It’s fair to say that these claims have generated their fair share of criticism. So it’s interesting to see a new claim come to light.
Today, Nathan Kallus at the Massachusetts Institute of Technology in Cambridge says he has developed a way to predict crowd behaviour using statements made on Twitter. In particular, he has analysed the tweets associated with the 2013 coup d’état in Egypt and says that the civil unrest associated with this event was clearly predictable days in advance.
It’s not hard to imagine how the future behaviour of crowds might be embedded in the Twitter stream. People often signal their intent to meet in advance and even coordinate their behaviour using social media. So this social media activity is a leading indicator of future crowd behaviour.
That makes it seem clear that predicting future crowd behaviour is simply a matter of picking this leading indicator out of the noise.
Kallus says this is possible by mining tweets for any mention of future events and then analysing trends associated with them. “The gathering of crowds into a single action can often be seen through trends appearing in this data far in advance,” he says.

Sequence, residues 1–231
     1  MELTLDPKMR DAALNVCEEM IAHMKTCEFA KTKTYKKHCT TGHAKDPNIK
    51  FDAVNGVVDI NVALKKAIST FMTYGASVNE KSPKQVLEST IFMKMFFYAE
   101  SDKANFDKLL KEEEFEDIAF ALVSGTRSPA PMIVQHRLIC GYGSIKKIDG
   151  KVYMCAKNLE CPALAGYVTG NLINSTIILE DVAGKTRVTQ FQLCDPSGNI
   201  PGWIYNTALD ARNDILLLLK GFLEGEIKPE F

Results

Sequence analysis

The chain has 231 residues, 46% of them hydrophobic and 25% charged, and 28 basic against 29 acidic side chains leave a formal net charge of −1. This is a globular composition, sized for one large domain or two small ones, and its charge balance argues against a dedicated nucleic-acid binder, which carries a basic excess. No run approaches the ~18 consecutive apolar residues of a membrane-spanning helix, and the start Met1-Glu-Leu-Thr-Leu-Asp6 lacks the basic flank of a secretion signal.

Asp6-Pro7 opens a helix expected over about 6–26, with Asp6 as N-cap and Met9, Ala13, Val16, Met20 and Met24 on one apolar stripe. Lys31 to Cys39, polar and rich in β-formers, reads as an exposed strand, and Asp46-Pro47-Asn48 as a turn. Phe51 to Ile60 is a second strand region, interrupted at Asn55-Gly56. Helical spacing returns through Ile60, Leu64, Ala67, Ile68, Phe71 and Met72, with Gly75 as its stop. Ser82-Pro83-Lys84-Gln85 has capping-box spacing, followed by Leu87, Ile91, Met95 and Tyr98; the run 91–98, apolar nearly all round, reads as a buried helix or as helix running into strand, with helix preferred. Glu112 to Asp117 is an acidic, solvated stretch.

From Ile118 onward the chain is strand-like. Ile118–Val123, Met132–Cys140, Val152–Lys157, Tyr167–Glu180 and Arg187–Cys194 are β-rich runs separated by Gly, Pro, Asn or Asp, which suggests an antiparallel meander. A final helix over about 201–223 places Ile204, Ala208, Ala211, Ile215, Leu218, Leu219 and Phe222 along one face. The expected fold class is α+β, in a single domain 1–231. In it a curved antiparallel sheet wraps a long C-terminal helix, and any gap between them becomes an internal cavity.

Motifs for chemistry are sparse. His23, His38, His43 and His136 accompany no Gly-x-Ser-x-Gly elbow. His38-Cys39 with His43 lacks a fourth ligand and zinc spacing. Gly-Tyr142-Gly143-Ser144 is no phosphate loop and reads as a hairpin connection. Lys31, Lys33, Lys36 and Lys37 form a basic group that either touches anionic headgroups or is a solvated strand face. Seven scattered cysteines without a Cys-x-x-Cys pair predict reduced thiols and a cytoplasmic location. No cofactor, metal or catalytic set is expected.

It turns out that exactly this kind of analysis is available from a company called Recorded Future based in Cambridge, which scans 300,000 different web sources in seven different languages from all over the world. It then extracts mentions of future events for later analysis….
The bigger question is whether it’s possible to pick out this evidence in advance. In other words, is possible to make predictions before the events actually occur?
That’s not so clear but there are good reasons to be cautious. First of all, while it’s possible to correlate Twitter activity to real protests, it’s also necessary to rule out false positives. There may be significant Twitter trends that do not lead to significant protests in the streets. Kallus does not adequately address the question of how to tell these things apart.
Then there is the question of whether tweets are trustworthy. It’s not hard to imagine that when it comes to issues of great national consequence, propaganda, rumor and irony may play a significant role. So how to deal with this?
There is also the question of demographics and whether tweets truly represent the intentions and activity of the population as a whole. People who tweet are overwhelmingly likely to be young but there is another silent majority that plays hugely important role. So can the Twitter firehose really represent the intentions of this part of the population too?
The final challenge is in the nature of prediction. If the Twitter feed is predictive, then what’s needed is evidence that it can be used to make real predictions about the future and not just historical predictions about the past.